Mr. McCabe: I am referring to Xacts of completion", and my assumption is that they take more than a single step. I realise that the hon. Gentleman and I may not share that viewpoint, but if we want to move forward, we may have to be prepared to accept that. That seems a basic point.

In terms of the changes about which we heard in policing partnerships and the board, I thought that the hon. Member for Grantham and Stamford (Mr. Davies) perhaps did the Social Democratic and Labour party a

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disservice, as it strikes me that the Government may have changed their position. I would be the first to concede that there has been a change in the position enunciated previously by the right hon. Member for Hartlepool (Mr. Mandelson). The SDLP now seems to be playing an active role in the policing board. If, through its active and genuine participation, it has been able to suggest changes that will improve the situation, we should welcome that. I would not regard that not as an outrageous 180o U-turn, but as the kind of process for which we should aim, in which people involve and include themselves. If they can suggest changes on the basis of that behaviour, I would welcome it.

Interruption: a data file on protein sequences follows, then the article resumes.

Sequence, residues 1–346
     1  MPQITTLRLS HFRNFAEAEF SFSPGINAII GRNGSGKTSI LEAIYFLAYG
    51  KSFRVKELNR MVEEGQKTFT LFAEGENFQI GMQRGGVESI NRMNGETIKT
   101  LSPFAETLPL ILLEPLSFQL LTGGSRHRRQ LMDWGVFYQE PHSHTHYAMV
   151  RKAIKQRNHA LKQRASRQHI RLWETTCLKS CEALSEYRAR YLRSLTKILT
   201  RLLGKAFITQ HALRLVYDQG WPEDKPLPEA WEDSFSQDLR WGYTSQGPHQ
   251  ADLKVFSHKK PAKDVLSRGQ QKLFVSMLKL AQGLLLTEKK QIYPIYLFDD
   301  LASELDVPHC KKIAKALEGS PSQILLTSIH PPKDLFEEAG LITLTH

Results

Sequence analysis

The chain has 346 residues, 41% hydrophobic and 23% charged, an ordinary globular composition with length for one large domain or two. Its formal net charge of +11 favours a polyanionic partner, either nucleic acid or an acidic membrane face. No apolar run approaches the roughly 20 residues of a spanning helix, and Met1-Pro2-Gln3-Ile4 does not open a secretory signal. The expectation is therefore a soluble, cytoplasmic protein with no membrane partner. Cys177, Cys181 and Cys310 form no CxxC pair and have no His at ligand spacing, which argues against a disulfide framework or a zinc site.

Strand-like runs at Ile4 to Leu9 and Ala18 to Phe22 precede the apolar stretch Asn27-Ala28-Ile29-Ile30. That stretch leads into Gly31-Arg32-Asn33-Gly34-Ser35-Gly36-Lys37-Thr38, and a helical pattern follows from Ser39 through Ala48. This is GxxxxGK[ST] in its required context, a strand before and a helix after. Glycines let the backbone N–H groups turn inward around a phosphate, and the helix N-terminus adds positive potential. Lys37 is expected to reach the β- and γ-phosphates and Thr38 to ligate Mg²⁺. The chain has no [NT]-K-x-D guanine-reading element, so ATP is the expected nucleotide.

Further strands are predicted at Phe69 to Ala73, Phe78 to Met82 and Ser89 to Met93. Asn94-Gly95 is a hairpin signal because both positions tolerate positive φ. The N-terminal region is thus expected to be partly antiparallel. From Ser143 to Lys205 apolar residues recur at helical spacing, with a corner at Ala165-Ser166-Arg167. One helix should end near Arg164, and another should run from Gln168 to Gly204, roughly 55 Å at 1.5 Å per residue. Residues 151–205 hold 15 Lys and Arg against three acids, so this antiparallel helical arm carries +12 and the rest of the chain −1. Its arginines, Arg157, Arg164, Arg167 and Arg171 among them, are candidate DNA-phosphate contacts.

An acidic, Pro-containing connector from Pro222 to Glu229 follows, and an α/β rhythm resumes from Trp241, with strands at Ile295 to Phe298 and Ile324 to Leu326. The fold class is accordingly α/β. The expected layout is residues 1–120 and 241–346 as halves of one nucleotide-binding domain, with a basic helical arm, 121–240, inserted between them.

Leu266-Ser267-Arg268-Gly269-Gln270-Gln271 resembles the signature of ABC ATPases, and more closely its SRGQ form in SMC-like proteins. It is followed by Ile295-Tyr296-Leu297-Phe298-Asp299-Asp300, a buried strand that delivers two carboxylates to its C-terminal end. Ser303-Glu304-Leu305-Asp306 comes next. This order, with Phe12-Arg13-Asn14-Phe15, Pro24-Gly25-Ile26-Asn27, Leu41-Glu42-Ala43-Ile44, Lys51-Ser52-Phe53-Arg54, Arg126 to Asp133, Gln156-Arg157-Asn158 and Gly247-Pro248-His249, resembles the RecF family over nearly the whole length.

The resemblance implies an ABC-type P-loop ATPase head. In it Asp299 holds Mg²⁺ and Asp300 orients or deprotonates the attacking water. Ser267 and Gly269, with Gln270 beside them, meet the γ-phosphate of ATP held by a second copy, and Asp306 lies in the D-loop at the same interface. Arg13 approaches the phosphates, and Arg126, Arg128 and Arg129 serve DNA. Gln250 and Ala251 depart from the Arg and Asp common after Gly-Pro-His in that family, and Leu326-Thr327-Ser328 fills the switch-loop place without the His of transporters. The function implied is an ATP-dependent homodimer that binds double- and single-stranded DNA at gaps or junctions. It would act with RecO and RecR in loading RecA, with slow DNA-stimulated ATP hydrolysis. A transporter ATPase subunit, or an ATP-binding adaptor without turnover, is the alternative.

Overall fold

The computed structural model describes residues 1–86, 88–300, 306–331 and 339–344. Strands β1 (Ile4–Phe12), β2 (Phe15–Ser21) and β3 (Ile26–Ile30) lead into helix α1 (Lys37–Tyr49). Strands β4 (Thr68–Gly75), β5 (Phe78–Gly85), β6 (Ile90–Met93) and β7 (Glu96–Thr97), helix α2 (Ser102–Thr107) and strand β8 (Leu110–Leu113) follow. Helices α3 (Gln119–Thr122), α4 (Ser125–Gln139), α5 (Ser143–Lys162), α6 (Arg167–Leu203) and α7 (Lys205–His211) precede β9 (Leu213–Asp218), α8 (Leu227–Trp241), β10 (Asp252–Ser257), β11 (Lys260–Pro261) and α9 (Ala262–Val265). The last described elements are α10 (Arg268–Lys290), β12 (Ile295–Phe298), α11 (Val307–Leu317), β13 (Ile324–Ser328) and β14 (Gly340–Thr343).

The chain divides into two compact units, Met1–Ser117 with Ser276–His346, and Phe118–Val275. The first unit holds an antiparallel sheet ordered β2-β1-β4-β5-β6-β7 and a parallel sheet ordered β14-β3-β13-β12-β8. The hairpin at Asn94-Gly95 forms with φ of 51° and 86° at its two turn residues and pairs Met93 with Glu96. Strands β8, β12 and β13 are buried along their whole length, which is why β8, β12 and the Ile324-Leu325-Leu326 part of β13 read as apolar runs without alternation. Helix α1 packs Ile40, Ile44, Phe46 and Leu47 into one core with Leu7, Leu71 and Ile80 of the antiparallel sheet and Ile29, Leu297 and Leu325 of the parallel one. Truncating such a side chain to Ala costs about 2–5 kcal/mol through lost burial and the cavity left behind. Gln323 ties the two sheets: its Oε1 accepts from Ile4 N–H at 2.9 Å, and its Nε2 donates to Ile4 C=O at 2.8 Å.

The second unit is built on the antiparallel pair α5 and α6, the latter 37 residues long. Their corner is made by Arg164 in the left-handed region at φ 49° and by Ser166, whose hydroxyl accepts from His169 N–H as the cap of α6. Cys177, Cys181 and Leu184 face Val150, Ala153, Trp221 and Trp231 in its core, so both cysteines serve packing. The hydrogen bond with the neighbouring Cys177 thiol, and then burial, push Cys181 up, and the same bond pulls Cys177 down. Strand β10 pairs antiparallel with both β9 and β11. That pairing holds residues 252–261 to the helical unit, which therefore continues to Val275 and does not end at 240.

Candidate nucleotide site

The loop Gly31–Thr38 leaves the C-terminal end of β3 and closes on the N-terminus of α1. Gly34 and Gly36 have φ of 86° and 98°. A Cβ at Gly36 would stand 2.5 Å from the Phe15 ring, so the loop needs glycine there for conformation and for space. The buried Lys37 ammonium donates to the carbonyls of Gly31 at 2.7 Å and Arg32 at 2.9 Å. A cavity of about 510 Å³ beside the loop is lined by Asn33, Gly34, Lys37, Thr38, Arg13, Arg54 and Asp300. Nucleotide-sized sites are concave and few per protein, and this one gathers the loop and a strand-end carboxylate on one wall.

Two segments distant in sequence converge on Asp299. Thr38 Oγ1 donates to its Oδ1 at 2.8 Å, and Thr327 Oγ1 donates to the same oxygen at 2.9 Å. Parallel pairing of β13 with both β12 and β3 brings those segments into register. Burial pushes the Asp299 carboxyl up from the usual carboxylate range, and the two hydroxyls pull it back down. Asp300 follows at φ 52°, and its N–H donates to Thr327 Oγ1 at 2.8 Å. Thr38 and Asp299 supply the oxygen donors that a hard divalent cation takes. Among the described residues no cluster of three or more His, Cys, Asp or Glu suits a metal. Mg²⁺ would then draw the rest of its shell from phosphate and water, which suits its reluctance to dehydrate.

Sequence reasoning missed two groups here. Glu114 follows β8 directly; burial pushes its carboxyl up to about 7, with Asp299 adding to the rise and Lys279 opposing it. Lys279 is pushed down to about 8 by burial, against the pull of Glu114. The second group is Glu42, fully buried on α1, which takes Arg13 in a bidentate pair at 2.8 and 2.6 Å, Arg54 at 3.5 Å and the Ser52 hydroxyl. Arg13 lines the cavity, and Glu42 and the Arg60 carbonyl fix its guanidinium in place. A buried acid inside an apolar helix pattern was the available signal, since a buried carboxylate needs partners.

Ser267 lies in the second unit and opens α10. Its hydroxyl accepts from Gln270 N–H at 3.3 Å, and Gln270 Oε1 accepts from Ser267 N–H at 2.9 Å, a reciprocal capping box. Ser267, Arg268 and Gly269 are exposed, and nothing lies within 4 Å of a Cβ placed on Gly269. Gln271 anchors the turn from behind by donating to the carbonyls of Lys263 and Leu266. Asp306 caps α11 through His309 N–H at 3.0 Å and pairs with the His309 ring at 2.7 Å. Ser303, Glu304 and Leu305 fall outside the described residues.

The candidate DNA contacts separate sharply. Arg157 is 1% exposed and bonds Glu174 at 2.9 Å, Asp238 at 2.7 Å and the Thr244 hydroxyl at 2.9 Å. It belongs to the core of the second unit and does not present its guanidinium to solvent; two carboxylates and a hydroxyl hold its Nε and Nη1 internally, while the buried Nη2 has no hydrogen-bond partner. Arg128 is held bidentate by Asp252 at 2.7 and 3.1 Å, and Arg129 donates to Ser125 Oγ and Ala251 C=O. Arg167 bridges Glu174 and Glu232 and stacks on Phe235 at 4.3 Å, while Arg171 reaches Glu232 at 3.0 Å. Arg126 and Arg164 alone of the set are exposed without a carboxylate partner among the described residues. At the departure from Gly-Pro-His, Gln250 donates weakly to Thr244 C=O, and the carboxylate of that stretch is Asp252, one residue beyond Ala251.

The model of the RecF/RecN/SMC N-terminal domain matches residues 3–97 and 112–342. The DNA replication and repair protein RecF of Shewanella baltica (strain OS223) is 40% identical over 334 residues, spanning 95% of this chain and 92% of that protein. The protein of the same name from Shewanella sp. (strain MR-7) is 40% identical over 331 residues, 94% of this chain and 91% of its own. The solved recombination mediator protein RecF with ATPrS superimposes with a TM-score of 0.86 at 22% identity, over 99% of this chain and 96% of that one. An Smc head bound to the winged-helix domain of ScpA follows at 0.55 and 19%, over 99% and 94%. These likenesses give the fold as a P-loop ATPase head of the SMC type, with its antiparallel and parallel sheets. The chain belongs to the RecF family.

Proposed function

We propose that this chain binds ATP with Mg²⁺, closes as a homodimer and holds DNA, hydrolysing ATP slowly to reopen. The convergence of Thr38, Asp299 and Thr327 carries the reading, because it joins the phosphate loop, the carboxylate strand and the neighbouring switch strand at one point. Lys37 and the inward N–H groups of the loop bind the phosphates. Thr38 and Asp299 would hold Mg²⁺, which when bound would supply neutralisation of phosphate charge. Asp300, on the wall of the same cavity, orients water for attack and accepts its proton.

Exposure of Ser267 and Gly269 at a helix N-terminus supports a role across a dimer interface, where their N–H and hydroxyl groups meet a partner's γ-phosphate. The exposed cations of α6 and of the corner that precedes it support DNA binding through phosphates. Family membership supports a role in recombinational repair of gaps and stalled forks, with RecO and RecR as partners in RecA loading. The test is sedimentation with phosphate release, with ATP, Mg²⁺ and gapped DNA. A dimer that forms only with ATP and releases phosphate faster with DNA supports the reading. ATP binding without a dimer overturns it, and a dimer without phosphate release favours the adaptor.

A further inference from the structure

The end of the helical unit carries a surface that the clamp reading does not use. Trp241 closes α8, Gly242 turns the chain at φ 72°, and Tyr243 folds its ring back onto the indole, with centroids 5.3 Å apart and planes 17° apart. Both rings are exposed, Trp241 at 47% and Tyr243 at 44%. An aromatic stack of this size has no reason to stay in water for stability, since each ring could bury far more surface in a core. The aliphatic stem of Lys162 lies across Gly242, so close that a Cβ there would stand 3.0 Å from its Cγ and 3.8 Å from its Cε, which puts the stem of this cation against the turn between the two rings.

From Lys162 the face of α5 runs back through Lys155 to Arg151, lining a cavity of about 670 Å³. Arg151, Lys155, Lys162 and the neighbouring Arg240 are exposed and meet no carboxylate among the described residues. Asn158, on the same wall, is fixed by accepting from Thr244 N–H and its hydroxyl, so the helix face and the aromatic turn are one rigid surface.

Mr. Quentin Davies: I do not think that that is outrageous, and I did not use that term or imply that. I merely think two things. First, it is a U-turn, and I am grateful that the hon. Gentleman has recognised that. Secondly, for the reason that I mentioned, it is tactically inept and pragmatically undesirable.

Mr. McCabe: We will have to disagree on both counts. I do not think that a change automatically signals a U-turn, and I do not agree that it is inept to accommodate change when people are playing a useful participative role. The kind of politics in which I believe suggests that when people are prepared to participate and play a useful and constructive role, we should listen to them and take them on board. I do not see anything inept about that. Indeed, were more people in the hon. Gentleman's party prepared to behave in that way, there might not be so few of them present in the Chamber, and so few of them in Parliament generally.

The lesson that Sinn Fein should take from the behaviour of the SDLP is that a road exists, if it is prepared to recognise it. It should follow a similar route. It should be prepared to make it clear that it is totally committed to the democratic process and wants to make the policing arrangements work—I am speaking of Sinn Fein as a party. At that point, if Sinn Fein was prepared to participate in the policing arrangements in Northern Ireland, I would welcome that, as I would see it as a significant step forward.

In terms of the wider question of the arrangements with regard to other groups and paramilitary groups, the position is straightforward. It has been made clear that those groups will not be able to participate in any shape or form until we have had the essential Xacts of completion". I would certainly include in those a complete declaration that the war is over—